America’s Most Expensive Cities 2010

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We all know that Paris is the world’s most expensive city to live in, but what about for the folks living in the good ol’ U.S. of A? For those wanting to live in some haute digs but don’t want to leave the comforts of home, Forbes has the answers. It turns out (though not surprisingly) New York City is the most expensive place to live in the United States and ranks eighth in the world. But who else makes the cut from sea to shining sea? Let’s find out.

L.A.: In another not-so-shocking twist, Los Angeles makes the cut as No. 2 on the list. Though it does not rank as high as NYC in terms of housing costs (making a six-figure income will only get you a middle-class status in the Big Apple), LA trumps every other city when it comes to commuting. Gas prices are one of the highest in the U.S. and many residents work six-day weeks just to stay afloat. It also has one of the highest unemployment rates on the mainland.

Honolulu: We’ll have to travel a bit more (say, off the mainland) to live in Forbes’s No. 5 spot. For many, Honolulu, Hawaii is considered paradise. And they’d be right, though it doesn’t come cheap: Honolulu living costs 55 percent more than the average U.S. city mainly because mostly everything must be imported, from cars, gas, and metals to household products like meat, dairy, and food products. Gas prices are the highest there and there’s very little worker satisfaction since most employers only offer part-time hours (though some might consider that a good thing).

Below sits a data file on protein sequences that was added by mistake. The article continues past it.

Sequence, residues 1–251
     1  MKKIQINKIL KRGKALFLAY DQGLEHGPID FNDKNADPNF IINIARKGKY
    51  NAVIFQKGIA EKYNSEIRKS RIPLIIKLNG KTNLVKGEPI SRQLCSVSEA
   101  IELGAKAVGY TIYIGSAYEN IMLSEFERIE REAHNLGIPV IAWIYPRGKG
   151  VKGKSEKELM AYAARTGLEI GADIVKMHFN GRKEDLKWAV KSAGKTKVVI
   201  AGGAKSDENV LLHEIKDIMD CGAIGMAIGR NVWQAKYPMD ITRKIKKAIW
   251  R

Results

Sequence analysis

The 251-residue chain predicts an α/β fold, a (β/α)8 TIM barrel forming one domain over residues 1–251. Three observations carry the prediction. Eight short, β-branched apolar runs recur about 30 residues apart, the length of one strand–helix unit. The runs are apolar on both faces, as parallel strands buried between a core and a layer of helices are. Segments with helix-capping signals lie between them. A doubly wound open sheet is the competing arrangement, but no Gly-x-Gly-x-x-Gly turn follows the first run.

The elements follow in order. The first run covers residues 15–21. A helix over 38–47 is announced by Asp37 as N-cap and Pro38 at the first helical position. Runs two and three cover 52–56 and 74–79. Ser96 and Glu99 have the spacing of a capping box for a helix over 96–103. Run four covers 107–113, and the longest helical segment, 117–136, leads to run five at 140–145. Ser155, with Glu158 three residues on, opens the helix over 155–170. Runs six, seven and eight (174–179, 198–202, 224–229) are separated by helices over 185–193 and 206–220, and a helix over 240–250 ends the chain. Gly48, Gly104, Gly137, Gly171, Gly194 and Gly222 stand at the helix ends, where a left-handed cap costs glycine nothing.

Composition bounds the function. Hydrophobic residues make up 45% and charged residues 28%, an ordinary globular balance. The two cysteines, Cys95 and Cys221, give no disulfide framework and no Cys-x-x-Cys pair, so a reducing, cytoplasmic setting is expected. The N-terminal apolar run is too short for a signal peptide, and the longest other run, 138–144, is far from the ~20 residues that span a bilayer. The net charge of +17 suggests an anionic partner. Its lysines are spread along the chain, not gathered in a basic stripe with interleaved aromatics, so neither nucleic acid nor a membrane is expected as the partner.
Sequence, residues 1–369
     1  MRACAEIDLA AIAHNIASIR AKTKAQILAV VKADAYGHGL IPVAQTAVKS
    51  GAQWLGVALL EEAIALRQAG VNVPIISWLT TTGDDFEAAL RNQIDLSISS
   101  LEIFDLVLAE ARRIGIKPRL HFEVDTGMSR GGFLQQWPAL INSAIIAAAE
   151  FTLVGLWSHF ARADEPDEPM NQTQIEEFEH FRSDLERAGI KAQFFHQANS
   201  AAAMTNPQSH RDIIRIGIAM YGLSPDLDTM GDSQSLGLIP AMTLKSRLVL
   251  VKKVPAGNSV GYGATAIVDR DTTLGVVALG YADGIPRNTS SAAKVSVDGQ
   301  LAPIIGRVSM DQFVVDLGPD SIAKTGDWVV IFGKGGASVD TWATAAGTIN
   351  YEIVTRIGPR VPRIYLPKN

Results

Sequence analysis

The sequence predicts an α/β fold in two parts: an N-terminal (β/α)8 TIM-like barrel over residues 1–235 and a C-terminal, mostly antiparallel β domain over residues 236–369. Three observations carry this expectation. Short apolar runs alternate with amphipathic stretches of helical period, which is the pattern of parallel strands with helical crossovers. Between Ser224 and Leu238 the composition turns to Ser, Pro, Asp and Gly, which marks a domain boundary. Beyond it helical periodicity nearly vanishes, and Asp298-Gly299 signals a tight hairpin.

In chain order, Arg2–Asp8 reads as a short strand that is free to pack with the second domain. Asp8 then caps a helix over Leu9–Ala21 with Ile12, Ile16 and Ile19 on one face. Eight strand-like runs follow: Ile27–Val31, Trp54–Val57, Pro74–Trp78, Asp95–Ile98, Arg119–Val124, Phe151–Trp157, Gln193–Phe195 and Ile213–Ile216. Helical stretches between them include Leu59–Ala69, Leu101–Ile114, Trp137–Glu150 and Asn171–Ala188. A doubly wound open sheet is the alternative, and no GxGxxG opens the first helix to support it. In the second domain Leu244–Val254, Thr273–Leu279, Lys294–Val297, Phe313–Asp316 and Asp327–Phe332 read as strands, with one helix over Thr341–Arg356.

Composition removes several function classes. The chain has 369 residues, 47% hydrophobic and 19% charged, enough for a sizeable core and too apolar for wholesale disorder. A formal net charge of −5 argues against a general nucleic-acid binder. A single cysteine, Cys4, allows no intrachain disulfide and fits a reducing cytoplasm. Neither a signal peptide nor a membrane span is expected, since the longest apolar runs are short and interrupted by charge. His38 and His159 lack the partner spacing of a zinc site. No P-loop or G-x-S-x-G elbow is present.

Miami: No. 6 on the list is just a little more Southern and a bit more tropical. Miami has earned quite a reputation as a global, fashion, entertainment, and cultural mecca. It’s also quite the hot spot for celebrities such as Shakira, Lenny Kravitz, and our own cover subject, Emilio Estefan, along with his wife Gloria, who call “The Magic City” home. Though housing prices have dropped just a bit in the recent years, amenities like groceries and public services are still as high as the bright blue Miami sky.

Aspen: Another chart topper (and we’re not talking about music) is considered a winter version of Beverly Hills. Aspen, Colo. is riddled with high-end outlets such as Gucci and Prada; and it topped the list of most expensive home prices in 2009, with the average housing price being $2.6 million and four residences being sold for more than $30 million in 2010. You always enjoy it during your annual ski vacation, so why not make it a permanent residence?

Juneau: The last chart topper mentioned on Forbes’s list is also off the mainland. For being a little less than populated, Juneau, Alaska’s got some high prices. Remember that like Hawaii, Alaska needs to import most of its necessities as well, a major factor in the cost of living there. With fuel having to travel by air, the cost of gas can be as high as $9 per gallon, and the costs of housing, utilities, and health care are 40 to 100 percent higher than the national average. Transportation and grocery items are 25 percent higher than in other major cities as well.

As the well-known saying goes, “nothing in life is free,” and, as expected, you’re going to have to pay a hefty price for paradise.

Via Forbes

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